The recently released Marathi film, a biopic in accordance with present trends, calls itself Bhaai with Vyakti Kee Valli as a subtitle. Both need to be explained to the non-Marathi viewer if such an entity exists for Marathi cinema.
Bhai was one of two names that writer-director-playwright-screenplay writer-actor-music composer-harmonium player PL Deshpande was known by. The other was Pu La, which stood for Purushottam Lakshman, his first and middle names. Both names, when pronounced, carried a load of love and affection.
It is not difficult to see why – while other writers were only respected and admired, Pu La was loved. He was loved because he loved. He was loved because he carried no writerly airs about him. He was loved most of all because he made people laugh. His impish, indulgent, affectionate laughter, which carried not a shred of malice, was directed as much at his own foibles as at others. He was serious only when he wrote about music and then his writing often bordered on the sentimental and the hyperbolic. But in music too, he laughed at stuffed shirt punditry and its hierarchies.
In his essay on Lata Mangeshkar, he says, “Pundits turn up their noses at film music because their ears are blocked to all except one track. But music flows from all sides. Film music is today’s folk music and Lata Mangeshkar is our real national artist.”
Vyakti kee Valli, the subtitle of Mahesh Manjrekar’s biopic, refers to Deshpande’s hugely popular collection of character sketches Vyakti ani Valli. Published in 1962, it won the Sahitya Akademi award in 1965 and is now in something like its 40th edition. The ‘vyakti’ of the title is the individual and ‘valli’ is the nicely off-kilter individual. The vyaktis and vallis that people the book are creatures of Deshpande’s bountiful imagination, but it is an imagination fed by a lifetime spent befriending the most incredible variety of human beings from clerks to musicians, scholars to sculptors, housewives to backstage men.
When we staged Girish Karnad’s Yayati at the National Centre for the Performing Arts in Mumbai, where Deshpande had once been a beloved executive director, I asked a backstage worker tentatively for wings. “Wings?” he said. “You can have as many as you want. When Pu La saheb was here, he made sure that artists would not lack for anything they needed.”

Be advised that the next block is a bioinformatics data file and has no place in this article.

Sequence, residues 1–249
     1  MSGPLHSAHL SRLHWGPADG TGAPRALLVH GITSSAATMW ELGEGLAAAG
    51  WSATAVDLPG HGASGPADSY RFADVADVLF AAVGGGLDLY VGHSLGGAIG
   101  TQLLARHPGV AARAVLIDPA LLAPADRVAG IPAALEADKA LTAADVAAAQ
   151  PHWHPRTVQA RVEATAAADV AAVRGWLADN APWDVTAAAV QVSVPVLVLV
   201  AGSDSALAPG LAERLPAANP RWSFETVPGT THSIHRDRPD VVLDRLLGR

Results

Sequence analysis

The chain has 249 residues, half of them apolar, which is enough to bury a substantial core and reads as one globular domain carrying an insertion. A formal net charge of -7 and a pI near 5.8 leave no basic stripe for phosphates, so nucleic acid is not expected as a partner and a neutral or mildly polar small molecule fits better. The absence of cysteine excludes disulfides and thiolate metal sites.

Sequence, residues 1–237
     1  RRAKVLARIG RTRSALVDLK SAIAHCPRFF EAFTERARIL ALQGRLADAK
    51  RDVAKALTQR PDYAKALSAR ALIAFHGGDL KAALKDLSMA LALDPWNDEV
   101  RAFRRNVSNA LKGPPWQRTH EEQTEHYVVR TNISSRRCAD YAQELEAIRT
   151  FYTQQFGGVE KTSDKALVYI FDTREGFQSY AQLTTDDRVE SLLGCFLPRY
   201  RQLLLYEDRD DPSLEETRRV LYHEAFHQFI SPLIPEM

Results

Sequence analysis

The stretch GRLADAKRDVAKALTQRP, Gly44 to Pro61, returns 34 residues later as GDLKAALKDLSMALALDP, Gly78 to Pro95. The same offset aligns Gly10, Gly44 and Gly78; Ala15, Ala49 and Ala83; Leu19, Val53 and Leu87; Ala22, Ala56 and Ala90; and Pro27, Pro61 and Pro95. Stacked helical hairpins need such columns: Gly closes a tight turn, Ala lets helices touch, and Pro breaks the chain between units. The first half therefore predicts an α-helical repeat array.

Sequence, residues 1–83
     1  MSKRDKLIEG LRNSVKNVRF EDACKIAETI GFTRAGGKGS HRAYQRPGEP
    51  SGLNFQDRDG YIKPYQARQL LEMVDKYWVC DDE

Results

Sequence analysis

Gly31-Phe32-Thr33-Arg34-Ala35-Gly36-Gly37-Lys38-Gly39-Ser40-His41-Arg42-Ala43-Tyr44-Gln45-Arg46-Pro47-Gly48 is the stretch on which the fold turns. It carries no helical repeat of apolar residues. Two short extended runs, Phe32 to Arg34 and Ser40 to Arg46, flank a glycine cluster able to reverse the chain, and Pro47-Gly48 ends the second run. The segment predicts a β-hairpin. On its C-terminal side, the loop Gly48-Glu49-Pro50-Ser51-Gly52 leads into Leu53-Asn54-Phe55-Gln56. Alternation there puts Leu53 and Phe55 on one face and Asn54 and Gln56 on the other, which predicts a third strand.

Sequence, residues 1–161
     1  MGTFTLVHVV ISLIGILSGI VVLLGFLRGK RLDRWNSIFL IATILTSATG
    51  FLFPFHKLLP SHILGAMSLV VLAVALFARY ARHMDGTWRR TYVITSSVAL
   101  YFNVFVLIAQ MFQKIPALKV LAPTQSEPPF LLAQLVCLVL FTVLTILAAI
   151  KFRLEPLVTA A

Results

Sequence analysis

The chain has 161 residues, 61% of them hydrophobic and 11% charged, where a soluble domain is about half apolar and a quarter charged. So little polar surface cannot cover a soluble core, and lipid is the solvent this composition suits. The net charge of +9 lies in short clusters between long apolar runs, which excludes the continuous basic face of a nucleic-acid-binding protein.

The man then went on to tell us how proud he and his colleagues had been working under Pu La. “He appreciated not just people like you, but people like us too. His hand would always be on our backs when he spoke to us, like a friend. He made us feel our work was worth something in this place.”
Before Bhaai was released, the film publicity people uploaded a clip of the finale that showed Bhimsen Joshi (Ajay Purkar), Kumar Gandharva (Swanand Kirkire) and Vasantrao Deshpande (Padmanabh Bind) jamming to Kumar’s popular song Jamuna Kinare Mora Gaon, accompanied on the harmonium by Pu La (Sagar Deshmukh). All three musicians were Pu La’s friends. He has written with great feeling about the latter two in his book Guna Gaeen Awadi (I Sing your Praises with Love). The book also contains essays on Bhaskarbuva Bakhle, known for the stage songs he composed for Balgandharva, Mallikarjun Mansur the no-nonsense classicist, and Lata Mangeshkar, the queen of film songs. This eclectic choice of musicians reflects Pu La’s belief that “in the universe of melody and rhythm there is no high and no low”.
An anecdote Pu La narrates about Vasantrao Deshpande puts snobbery in its place. In a concert in Nagpur, Vasantrao had just finished singing a rousing Kaushi Kanada. A stunned silence followed. Suddenly a cracked old voice spoke up sniffily. “What gharana would you say you belonged to?” Vasantrao snapped back, “To a gharana that starts with me.”
Needless to say, neither this book nor his translation of Rabindranath Tagore’s Chhelebela (Childhood Days), which lay with him for 12 years before it was published, nor the diary he wrote about his days in Santiniketan, top the popularity list of his writings. At the top of that list are the books that made his middle-class fans laugh, books that he presented in his one-man shows in auditoria bursting at the seams, books that made him “Maharashtrache ladke vyaktimatva” (Maharashtra’s darling personality). Vyakti ani Valli is at the very top of the lot, which includes Batatyachi Chaal, Varyawarchi Varaat and Asa Mi Asami.